Creative Commons photo by Mark Byzewski is licensed under CC BY 2.0
Alaska’s majestic glaciers, grizzlies, bald eagles and whales, plus the spectacle of the aurora borealis and more, make it one of the West’s most breathtaking destinations. Here’s how to get there and what to do.
May 6, 2009
| Updated January 8, 2019
When you add 586,412 square miles to a country, it’s a big deal. That’s why Alaskans are celebrating.
In 1959, their mini-nation of glaciers and mountains and wildlife became the United State’s 49th state. And nothing―not even presidential elections―has been the same since.
Alaska’s birthday makes 2009 a terrific time to make your first visit. What’s here? North America’s tallest mountain. One of the biggest concentration of glaciers in the world. Grizzlies, bald eagles and whales. Vibrant Native cultures and incredible native art, from totem poles to jewelry. Outdoor adventures, from kayaking to dog-sledding. The world’s best salmon and the spectacle of the aurora borealis turning the night sky into a poem of light.
How to plan a trip
Given Alaska’s supersized nature, most first-time visitors concentrate on seeing one or two regions per visit:
South Central: Whales, kayaking, city life. Anchorage, Prince William Sound, Kenai Peninsula and Homer.
Interior: Grizzlies, caribou, Mt McKinley and Denali National Park, the Northern Lights, Fairbanks
Southwest: Wilderness, the world’s best bird-watching, great fishing. Kodiak Island, the Alaska Peninsula, the Aleutian Islands
Far North. Extreme Alaska, above the Arctic Circle: tundra, Eskimo culture, Gates of the Arctic National Park.
How you get to Alaska also shapes your visit. There are three main choices:
A big percentage of visitors first experience Alaska on a cruise ship. The most common routes are up the Inside Passage, starting in L.A. or San Francisco or Vancouver with stops at Ketchikan, Juneau, Skagway and other southeast towns.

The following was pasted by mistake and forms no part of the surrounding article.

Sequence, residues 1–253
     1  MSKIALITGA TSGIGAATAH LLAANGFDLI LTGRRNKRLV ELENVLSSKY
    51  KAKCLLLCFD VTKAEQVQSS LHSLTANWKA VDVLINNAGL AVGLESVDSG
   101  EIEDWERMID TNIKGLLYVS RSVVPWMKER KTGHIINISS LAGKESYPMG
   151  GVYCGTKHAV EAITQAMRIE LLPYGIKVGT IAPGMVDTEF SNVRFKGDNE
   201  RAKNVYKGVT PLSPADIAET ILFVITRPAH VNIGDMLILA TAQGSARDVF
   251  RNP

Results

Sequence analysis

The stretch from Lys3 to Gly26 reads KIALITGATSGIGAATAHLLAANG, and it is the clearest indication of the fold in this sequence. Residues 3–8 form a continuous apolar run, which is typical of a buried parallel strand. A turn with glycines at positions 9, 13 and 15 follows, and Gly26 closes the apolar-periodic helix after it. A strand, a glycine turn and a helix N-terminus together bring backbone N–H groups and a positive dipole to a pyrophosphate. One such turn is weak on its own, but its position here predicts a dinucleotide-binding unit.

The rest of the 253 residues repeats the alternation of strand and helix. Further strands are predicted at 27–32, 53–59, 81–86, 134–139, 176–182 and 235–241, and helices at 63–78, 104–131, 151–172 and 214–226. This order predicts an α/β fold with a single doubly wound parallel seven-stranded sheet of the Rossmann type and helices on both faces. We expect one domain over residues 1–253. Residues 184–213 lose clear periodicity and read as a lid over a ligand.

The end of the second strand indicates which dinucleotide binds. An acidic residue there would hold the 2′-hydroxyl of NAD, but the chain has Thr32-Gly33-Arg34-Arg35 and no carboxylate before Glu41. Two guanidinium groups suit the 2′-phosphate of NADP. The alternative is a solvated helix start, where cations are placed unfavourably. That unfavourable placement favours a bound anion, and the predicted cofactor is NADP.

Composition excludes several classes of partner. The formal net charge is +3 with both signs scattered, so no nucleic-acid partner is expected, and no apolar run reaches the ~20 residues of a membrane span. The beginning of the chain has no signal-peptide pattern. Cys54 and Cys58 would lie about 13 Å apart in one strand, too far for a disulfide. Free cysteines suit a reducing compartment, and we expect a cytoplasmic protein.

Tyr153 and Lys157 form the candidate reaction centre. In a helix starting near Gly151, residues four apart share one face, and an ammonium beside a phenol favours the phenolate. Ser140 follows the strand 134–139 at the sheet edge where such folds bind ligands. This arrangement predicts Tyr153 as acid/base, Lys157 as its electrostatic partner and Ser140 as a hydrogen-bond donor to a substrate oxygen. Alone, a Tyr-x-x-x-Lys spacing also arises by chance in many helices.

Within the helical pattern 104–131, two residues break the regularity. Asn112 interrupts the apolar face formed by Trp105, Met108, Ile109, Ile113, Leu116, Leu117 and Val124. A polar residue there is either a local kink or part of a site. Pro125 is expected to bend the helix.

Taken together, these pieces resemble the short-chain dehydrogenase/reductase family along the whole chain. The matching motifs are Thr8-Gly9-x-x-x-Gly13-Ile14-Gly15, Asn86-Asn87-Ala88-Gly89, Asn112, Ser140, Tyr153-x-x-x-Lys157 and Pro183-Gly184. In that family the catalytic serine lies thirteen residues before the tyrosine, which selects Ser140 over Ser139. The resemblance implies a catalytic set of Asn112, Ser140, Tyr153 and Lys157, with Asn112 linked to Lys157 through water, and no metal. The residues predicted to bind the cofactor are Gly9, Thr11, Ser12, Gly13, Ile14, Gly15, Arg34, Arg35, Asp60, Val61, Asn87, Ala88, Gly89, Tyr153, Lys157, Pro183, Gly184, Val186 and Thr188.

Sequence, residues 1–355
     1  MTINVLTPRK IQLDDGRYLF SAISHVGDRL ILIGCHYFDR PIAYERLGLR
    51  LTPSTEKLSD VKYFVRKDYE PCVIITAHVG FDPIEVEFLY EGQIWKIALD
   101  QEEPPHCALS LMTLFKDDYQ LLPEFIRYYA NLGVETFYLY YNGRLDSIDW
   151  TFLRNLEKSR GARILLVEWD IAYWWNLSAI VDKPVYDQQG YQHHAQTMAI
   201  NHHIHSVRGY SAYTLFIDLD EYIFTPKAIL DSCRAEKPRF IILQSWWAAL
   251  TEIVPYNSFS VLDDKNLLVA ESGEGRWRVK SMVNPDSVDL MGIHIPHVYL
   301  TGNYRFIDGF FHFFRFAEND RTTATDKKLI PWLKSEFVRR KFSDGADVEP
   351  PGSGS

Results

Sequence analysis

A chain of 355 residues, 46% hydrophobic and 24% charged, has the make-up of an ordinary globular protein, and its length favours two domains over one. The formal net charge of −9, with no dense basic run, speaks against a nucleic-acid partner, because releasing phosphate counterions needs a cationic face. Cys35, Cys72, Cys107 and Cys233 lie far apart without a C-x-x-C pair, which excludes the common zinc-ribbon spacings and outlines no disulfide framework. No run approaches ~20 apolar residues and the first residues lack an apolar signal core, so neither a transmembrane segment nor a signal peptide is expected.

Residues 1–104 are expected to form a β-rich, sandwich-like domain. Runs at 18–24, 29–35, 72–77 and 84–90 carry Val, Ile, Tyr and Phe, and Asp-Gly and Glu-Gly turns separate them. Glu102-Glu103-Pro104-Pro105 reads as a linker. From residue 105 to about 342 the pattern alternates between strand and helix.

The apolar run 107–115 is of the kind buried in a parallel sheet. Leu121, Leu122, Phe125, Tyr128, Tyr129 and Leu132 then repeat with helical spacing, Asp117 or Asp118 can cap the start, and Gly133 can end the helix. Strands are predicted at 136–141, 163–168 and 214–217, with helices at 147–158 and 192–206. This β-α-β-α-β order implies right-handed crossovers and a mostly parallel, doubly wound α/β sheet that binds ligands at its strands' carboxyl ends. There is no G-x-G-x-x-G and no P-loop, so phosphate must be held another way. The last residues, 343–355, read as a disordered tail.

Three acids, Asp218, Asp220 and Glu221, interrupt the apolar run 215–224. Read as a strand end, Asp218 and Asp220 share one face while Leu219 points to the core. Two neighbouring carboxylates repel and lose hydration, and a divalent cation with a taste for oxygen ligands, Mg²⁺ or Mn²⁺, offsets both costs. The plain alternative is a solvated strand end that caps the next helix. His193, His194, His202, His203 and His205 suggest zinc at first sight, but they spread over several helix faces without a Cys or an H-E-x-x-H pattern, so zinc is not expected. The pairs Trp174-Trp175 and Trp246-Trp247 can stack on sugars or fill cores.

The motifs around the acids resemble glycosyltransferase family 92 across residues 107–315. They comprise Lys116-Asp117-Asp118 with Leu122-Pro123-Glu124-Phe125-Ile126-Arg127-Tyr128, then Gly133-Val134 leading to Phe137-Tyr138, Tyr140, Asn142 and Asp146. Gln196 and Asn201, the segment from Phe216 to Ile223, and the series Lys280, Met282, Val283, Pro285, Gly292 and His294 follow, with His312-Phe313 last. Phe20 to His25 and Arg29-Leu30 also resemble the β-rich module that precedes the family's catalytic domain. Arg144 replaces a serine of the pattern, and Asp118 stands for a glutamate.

Other ships go farther north, stopping in Whittier, not far from Anchorage, where passengers can connect to rail tours of Denali National Park and Fairbanks.
Alaska’s unique ferry system―officially, the Alaska Marine Highway System (http://www.dot.state.ak.us/amhs/pubs/landing.shtml)―lets you create your own cruise itinerary, stopping in a town for a day or two then moving on. Pluses: greater flexibility and less cost, and reasonable comfort, including private cabins. Minuses: none of the luxuries (gourmet dining, casinos) of the big cruise lines. Ferries run from Bellingham, Washington up the coast of British Columbia to Inside Passage―Juneau, Ketchikan, Sitka, Skagway―and then on to Whittier and Homer and Kodiak. Or you can fly into Juneau and begin your ferry trip there.
If you want to take your own car tour of Alaska, Anchorage or Fairbanks are the logical places to fly into and rent a car in. If you want to catch the Alaska ferry, Juneau makes more sense.